Foreign exchange traders had plenty to deal with after weekend turmoil in Egypt raised demand for safe haven units only for a return of inflation fears to quickly reassert its hallmark. At the same time the Irish central bank reminded euro bulls of the challenges of trying to run what’s emerged as a twin-speed economic area.
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U.S. Dollar – The dollar basket reversed fear-fuelled gains made heading into the weekend as investors tried to better gauge the consequences of an Egyptian uprising. Having reached 78.32 late in the week, the dollar’s index against six major trading partners slumped to 77.76 early on Monday. Equity markets in the U.S. fell sharply in response to news of growing tensions across Northern Africa leading world indices lower on Monday. Already, however, much of the fear premium priced into markets appears to be melting away as pre-market futures look beyond regional woes. Economic data is abundant this week and culminates with the January jobs report, which is likely to remain the key dollar driver throughout the next few days. The bias heading into the data is the Fed’s frontline argument, which remains that the economy is moving along but at a pace insufficient to create enough jobs. This is likely to hamper the dollar until of course jobs growth causes the Fed to shirk its frown.
Euro – The euro rebounded by more than a penny after a tense session to close out last week. On Monday there are two key factors at play outside of the Egyptian crisis. Data showed Eurozone CPI for January came in at a 2.4% yearly gain after prices rose by 2.2% in December. That pace is the highest since October 2008 and served to unleash further fears that the ECB won’t be able to sit still when they meet on Thursday for fear of a nasty incipient trend in inflation. Yet still, price pressures are largely driven by rising energy and food costs and likely to be transient in nature. But faced with the knowledge that the Fed is at worst sanguine over the same type of domestic price pressures while the ECB is mandated to control potentially hazardous price jolts, it’s the euro bulls that are winning the day. With little or no chance of a U.S. rate rise on the horizon dealers looking to Frankfurt are baying for blood. The euro rose to $1.3727 and to ¥112.55.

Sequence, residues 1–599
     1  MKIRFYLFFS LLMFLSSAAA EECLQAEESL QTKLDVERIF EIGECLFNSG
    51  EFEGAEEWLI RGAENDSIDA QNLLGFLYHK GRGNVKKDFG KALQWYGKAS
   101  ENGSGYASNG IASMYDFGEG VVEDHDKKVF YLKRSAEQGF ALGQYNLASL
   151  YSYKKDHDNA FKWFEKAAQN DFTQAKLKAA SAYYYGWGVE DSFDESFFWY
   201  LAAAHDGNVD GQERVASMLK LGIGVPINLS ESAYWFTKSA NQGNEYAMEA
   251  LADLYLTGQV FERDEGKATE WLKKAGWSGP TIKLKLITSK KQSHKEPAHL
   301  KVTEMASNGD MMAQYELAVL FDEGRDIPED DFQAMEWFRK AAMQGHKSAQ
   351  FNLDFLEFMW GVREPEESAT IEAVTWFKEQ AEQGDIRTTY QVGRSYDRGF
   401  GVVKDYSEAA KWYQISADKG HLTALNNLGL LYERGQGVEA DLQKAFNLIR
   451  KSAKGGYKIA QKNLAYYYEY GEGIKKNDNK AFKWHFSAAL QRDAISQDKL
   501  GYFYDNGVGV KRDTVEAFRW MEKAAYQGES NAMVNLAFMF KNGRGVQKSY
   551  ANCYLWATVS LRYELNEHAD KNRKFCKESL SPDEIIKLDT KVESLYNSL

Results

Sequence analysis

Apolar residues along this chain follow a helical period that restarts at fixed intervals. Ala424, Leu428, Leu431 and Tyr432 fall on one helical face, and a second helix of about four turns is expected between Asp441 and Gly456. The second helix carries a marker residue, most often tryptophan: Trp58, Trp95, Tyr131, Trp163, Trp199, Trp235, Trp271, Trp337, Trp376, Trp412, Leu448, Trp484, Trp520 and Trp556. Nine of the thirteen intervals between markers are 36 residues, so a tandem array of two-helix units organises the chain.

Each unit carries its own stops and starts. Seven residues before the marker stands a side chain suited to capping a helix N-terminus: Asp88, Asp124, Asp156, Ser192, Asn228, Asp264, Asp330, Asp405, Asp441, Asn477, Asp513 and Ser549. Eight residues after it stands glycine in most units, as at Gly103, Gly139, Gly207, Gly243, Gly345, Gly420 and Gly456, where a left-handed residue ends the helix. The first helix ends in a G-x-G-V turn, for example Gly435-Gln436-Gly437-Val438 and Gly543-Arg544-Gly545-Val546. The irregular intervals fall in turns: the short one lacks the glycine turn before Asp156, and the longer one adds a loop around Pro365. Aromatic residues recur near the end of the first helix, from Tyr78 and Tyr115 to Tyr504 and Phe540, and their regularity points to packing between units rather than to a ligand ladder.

Japanese yen – The yen flipped and flopped overnight rallying as a safe haven candidate before slipping against the dollar, yet with equity futures near session highs ahead of a bullish opening for Wall Street, the yen has once again rallied against the greenback. The dollar currently buys ¥82.05. An earlier series of data was bullish for the economy with a Nomura/JMMA manufacturing PMI for January coming in at 51.4. In December the index of activity continued to depict contraction in the sector with a welcome reversal into expansionary territory to start the New Year. Industrial production for December was also strong with a 3.1% month-to-month gain higher than expected leaving output 4.6% stronger than at the end of 2009. Housing starts for December were also surprisingly strong showing a 7.5% year-on-year gain. Construction orders also surged by 13.1% despite expectations of a rather conservative gain of just 1.1%.
British pound – Recent MPC minutes revealed Martin Weale as the latest turncoat in calling for tighter monetary policy. Over the weekend the Bank outsider took pen to paper on behalf of the Guardian newspaper putting forth his argument in which he claimed there was a “powerful case” for a “modest rise” in interest rates in the United Kingdom. The article spurred further panicky gains for the pound against the dollar, which rose this morning to a session peak at $1.5929 as investors played out hopes that the Bank of England might attempt to put its credibility first and raise rates despite the expected tempering of economic activity in the coming quarters.
Aussie dollar – Just when Australians are getting to grips with a massive cleanup operation following devastating floods, weather forecasters are talking about a typhoon set to hit the nation later in the week. Predictions for 160 mph wind and as much as three-feet of rainfall are not what Australians want to hear. However, the Aussie has reversed earlier losses as the greenback gives up fighting equity market gains. Overnight the MSCI Asia Pacific index fell by 1.1% as investors drew in their horns. The Aussie currently buys 99.54 U.S. cents.
Canadian dollar – An escalation in Middle East tension and fears of a closure of the Suez canal rising, the price of crude oil just about recovered all of its losses from one week ago when Saudi Arabia hinted that it would lead an output boost to feed growing global demand. The Canadian dollar has emerged recently as the favored commodity dollar given the challenges facing the post-monetary tightening Australian economy. That fact is pretty evident on Monday as the loonie surges versus the U.S. dollar buying $1.0020.
Andrew Wilkinson is a Senior Market Analyst at Interactive Brokers LLC
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